We continue our walk down Canal Street, which, for than a century, was the main shopping district of Greater New Orleans.
Local department stores, such as Maison Blanche (right and below), and national retailers, such as Kress, anchored numerous well-known specialty retailers.
Maison Blanche's original building on Canal Street was demolished around 1908. This distinctive new building was constructed around 1908–1909. At one time there were many medical and dental offices in the top floors.
The Canal Street store was closed in 1982 by the City Stores Company and reopened in 1984. In 1997 work began to use the upper floors as part of a new Ritz-Carlton hotel. However, after Dillard's acquired the store, it was closed. The whole building, along with the neighboring Kress building, is now part of the New Orleans Ritz Carlton, which had a grand opening in 2000.
Samuel H. Kress opened his first "stationery and notions" store in Nanticoke, PA, in 1887. The chain of S. H. Kress & Co. 5-10-25 Cent Stores was established in 1896. Throughout the first half of the twentieth century Kress stores were a familiar sight on "Main Street" in hundreds of cities and towns.
The Kress chain was known for the fine architecture of its buildings. "Samuel H. Kress... envisioned his stores as works of public art that would contribute to the cityscape." A number of former Kress stores are recognized as architectural landmarks and many are listed on the National Register of Historic Places, including this 1913 building (the two photos above).
The hotel was occupied during and immediately after Hurricane Katrina. It suffered considerable damage; the basement was flooded and the electrical systems, laundry, and staff cafeteria were damaged. The Ritz-Carlton reopened on December 4, 2006, after a $106 million refurbishment.
Beginning in the 1970s with the completion of the New Orleans Marriott, Canal Street began to accommodate large convention hotels.
In recent years, Canal street has welcomed the addition of the Ritz-Carlton New Orleans, luxury apartments at 1201 Canal, the New Orleans BioInnovation Center, the Audubon Nature Institute's Audubon Insectarium, and the Astor Crowne Plaza.
The contrast between old and new architec-tural forms, in some views of the buildings within the Central Business District, is striking.
Our photography walk completed, we boarded the Canal Street streetcar to meet our shuttle back to the RV park.
As we neared the next to the last stop before our destination, we came upon this scene. We quickly exited the streetcar to watch the procession for a brief period of time. Being pressed for time, we had to wait until later to read up on the jazz funeral procession.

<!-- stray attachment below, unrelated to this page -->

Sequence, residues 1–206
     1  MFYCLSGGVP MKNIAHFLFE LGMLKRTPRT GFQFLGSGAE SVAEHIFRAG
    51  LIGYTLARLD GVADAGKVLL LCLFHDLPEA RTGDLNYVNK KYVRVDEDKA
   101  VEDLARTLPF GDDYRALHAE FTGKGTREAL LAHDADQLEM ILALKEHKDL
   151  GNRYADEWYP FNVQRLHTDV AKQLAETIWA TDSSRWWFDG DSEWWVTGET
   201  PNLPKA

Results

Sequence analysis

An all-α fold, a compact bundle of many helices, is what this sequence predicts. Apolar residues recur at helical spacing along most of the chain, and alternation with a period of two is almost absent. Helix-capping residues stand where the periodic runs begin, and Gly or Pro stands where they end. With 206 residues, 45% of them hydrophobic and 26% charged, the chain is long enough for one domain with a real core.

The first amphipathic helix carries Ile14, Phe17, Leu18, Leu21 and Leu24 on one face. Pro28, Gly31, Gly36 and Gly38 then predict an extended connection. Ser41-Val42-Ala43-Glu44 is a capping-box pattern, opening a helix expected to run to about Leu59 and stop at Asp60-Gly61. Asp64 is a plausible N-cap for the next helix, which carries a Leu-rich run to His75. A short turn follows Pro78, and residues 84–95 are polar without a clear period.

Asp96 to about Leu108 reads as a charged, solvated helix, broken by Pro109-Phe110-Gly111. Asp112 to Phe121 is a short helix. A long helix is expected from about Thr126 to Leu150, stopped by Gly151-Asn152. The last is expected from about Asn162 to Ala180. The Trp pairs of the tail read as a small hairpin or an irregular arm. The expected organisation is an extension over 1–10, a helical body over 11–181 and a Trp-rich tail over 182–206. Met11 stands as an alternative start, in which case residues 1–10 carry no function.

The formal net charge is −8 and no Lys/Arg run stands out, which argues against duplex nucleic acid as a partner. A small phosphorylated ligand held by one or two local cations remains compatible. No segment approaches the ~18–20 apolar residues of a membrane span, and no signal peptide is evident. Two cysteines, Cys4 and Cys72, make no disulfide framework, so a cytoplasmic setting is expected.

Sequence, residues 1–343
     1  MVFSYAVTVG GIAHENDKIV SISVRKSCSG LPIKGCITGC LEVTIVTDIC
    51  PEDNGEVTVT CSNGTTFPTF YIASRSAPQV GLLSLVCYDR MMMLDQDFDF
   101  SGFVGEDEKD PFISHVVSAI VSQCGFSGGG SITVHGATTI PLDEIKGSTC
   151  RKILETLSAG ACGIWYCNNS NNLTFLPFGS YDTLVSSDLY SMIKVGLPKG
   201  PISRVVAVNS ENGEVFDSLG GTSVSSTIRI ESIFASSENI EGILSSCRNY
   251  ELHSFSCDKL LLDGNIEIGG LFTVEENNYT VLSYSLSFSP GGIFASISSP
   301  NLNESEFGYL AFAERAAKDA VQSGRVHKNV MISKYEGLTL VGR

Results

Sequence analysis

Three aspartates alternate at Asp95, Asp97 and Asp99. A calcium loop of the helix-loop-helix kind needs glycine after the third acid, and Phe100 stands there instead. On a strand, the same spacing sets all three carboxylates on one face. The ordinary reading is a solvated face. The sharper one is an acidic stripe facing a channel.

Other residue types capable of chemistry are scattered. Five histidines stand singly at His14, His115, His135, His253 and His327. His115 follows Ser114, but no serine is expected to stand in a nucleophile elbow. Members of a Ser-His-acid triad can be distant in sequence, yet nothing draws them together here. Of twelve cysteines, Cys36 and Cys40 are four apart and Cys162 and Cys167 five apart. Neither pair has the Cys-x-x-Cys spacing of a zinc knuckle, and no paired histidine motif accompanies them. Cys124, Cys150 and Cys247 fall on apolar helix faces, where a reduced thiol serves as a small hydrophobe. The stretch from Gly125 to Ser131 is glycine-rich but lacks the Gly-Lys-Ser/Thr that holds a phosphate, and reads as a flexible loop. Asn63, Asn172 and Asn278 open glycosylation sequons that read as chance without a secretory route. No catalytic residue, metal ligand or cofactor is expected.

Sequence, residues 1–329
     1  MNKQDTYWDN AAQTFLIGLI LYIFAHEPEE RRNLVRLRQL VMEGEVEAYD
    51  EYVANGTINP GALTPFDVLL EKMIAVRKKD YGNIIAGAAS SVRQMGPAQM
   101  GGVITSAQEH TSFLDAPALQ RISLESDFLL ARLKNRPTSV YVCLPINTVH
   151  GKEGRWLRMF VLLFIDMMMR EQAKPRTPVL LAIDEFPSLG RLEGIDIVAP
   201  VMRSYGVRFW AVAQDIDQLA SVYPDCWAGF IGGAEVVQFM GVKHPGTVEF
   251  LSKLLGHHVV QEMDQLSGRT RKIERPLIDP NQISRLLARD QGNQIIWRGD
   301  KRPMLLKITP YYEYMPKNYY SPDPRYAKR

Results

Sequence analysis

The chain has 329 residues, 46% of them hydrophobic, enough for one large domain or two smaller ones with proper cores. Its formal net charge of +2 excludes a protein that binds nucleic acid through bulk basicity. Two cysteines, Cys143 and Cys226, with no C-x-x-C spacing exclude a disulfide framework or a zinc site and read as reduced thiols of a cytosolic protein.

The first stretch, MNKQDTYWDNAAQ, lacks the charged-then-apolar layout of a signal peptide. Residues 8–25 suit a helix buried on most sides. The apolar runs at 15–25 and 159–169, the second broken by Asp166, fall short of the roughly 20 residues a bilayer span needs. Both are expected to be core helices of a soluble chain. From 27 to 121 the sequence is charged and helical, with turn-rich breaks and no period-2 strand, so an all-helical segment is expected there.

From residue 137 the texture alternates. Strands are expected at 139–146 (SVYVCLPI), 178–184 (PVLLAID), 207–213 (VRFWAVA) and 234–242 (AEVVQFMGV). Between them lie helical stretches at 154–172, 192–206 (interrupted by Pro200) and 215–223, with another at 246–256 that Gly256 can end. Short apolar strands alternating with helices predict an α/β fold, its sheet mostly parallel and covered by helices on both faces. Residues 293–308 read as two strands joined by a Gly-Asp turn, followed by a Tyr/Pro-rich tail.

According to neworleans online.com, "When slaves were brought to America, the idea of providing a proper burial to your fellow brother or sister remained strong. As time passed, these same concepts that were rooted in African ideology became one of the basic principles of the social and pleasure club. As did many fraternal orders and lodges, the social and pleasure club guaranteed proper burial conditions to any member who passed. These organizations were precursors to debit insurance companies and the concept of burial insurance.
"The practice of having music during funeral processions, Danny Barker said, was added to the basic African pattern of celebration for most aspects of life, including death. As the brass band became increasingly popular during the early 18th century, they were frequently called on to play processional music. Eileen Southern in The Music of Black Americans wrote, 'On the way to the cemetery it was customary to play very slowly and mournfully a dirge, or an 'old Negro spiritual' such as 'Nearer My God to Thee,' but on the return from the cemetery, the band would strike up a rousing, 'When the Saints Go Marching In,' or a ragtime song such as 'Didn't He Ramble'.'
"Sidney Bechet, the renowned New Orleans jazzman, after observing the celebrations of the jazz funeral, stated, 'Music here is as much a part of death as it is of life.'
"The traditional New Orleans jazz funeral is as much a part of the fabric and rich cultural traditions of New Orleans as red beans and rice."
And another custom is that of dancing. The "Second Line" is a two-step of sorts, and is quintessential New Orleans. Dancers wave around handkerchiefs or umbrellas as they move to the beat in a front and back motion.
It was brief, but it was another glimpse into the culture of Nawlins'.